• Describe HIPAA concerns with electronic information.
  • Identify common problems associated with retrieving/viewing images within a PACS.
  • Compare monitor types (e.g. acquisition, display).
  • Describe the components of the various types of display monitors.
  • Discuss the impact of viewing angle, luminance, ambient lighting, and pixel size on image display.
  • Describe display monitor aspect ratio and its impact on image display.

Image Analysis


Content provides a basis for analyzing radiographic images. Included are the importance of optimal imaging standards, discussion of a problem-solving technique for image evaluation and the factors that can affect image quality. Actual images will be included for analysis.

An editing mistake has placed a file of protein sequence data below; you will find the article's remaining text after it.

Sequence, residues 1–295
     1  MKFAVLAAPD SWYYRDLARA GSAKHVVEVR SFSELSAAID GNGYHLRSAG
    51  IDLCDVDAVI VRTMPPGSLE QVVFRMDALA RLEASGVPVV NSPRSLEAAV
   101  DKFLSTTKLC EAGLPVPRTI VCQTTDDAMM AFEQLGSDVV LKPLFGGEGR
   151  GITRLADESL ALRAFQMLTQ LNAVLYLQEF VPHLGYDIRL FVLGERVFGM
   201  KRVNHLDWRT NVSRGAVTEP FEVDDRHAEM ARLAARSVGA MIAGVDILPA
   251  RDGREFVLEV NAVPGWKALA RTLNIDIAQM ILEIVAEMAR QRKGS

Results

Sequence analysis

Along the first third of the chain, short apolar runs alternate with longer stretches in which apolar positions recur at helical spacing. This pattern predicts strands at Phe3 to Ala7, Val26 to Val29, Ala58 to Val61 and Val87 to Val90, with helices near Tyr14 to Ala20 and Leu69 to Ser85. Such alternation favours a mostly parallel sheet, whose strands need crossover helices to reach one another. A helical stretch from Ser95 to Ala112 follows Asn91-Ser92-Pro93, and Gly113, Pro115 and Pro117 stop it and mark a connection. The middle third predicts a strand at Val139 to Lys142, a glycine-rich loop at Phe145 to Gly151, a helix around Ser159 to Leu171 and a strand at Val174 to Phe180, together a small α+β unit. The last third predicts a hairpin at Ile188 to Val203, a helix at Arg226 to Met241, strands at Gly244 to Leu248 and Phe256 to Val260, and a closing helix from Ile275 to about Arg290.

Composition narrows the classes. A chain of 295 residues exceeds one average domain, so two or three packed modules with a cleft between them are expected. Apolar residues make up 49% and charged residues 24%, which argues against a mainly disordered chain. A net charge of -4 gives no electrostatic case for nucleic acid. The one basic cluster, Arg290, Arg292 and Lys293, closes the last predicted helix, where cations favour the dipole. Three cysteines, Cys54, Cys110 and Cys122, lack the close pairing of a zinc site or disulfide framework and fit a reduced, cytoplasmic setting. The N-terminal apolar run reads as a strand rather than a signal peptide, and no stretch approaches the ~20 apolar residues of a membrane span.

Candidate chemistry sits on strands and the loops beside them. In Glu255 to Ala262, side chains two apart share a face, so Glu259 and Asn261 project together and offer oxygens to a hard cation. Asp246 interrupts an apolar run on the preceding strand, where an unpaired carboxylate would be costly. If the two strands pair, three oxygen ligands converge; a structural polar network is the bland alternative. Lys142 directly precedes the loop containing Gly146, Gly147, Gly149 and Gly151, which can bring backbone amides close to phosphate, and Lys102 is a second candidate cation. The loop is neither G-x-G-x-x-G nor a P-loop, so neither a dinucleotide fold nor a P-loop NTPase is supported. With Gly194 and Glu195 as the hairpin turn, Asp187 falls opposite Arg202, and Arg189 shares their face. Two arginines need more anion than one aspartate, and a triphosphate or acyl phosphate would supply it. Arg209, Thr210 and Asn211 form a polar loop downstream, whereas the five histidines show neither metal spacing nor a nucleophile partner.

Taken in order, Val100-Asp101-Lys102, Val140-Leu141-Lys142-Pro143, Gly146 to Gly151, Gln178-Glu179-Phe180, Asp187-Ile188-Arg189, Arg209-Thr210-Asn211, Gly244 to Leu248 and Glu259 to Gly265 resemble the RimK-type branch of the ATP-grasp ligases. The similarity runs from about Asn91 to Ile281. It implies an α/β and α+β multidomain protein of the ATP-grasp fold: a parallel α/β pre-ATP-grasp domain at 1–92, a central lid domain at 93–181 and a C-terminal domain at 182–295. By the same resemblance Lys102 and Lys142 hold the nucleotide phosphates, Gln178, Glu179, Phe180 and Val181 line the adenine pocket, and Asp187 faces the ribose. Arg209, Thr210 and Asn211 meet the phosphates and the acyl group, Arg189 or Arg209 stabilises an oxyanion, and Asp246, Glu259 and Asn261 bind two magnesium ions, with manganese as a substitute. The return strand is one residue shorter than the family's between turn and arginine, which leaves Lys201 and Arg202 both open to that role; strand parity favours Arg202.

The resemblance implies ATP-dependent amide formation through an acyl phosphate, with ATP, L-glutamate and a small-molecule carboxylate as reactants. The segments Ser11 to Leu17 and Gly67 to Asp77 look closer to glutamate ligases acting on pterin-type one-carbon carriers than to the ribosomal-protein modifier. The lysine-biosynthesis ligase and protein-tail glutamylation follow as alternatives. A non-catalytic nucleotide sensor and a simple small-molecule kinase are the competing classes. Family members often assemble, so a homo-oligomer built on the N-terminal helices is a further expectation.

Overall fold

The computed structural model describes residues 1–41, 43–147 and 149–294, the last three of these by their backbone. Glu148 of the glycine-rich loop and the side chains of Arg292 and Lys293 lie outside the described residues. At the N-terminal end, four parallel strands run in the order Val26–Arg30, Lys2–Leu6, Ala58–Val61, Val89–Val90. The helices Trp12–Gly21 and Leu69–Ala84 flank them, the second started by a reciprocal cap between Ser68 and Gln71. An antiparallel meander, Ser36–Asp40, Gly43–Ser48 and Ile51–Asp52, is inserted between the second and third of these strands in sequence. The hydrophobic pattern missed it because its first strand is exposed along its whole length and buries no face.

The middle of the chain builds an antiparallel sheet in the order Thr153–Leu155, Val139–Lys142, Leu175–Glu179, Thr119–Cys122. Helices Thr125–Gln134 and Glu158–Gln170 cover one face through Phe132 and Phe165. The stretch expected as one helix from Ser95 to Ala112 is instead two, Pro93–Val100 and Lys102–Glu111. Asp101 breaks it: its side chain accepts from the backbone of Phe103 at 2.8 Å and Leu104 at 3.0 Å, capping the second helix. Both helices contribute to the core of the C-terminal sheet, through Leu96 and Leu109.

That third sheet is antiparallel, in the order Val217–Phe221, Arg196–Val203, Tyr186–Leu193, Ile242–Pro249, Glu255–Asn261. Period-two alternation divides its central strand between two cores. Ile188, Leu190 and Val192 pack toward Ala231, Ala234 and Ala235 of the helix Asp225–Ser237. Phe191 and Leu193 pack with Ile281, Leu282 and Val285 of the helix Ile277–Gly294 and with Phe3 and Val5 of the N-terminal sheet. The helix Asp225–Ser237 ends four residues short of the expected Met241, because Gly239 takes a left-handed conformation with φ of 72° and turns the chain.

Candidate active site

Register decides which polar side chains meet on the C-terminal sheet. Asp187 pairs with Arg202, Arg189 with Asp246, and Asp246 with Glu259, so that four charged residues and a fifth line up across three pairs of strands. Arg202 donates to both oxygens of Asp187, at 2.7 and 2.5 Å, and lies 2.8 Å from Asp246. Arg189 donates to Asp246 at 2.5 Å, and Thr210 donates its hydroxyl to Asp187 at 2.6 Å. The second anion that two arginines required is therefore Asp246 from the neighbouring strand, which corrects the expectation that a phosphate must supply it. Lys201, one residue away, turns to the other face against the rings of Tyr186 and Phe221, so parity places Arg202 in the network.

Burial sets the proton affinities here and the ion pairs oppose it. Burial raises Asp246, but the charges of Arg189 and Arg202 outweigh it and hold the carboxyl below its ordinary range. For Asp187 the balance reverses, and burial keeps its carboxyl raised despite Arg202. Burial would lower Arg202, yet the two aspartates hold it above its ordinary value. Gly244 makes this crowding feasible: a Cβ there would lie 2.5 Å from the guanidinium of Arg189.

1. Image Appearance Standards

    1. Establishing appearance standards
      1. Exam demands
      2. Visual acuity and perception
      3. Image viewing conditions
      4. Radiologist preferences and demands
    2. Maintaining appearance standards (QA program)
  2. Imaging Standards

    1. Purpose
    2. Problem-solving process
    3. Role of the radiologic technologist
      1. Determining cause of problems
      2. Corrective actions
        1. Recommending
        2. Implementing
    4. Establishing acceptable limits
  3. Image Appearance Characteristics

    1. Brightness
    2. Noise
      1. Random (e.g., quantum mottle, scatter)
      2. Periodic (e.g., electronic interference, detector malfunction, software)
    3. Grayscale (contrast)
    4. Signal-to-noise ratio (SNR)
    5. Contrast-to-noise ratio (CNR)
    6. Spatial resolution
      1. Motion
      2. Geometric
      3. Receptor and detector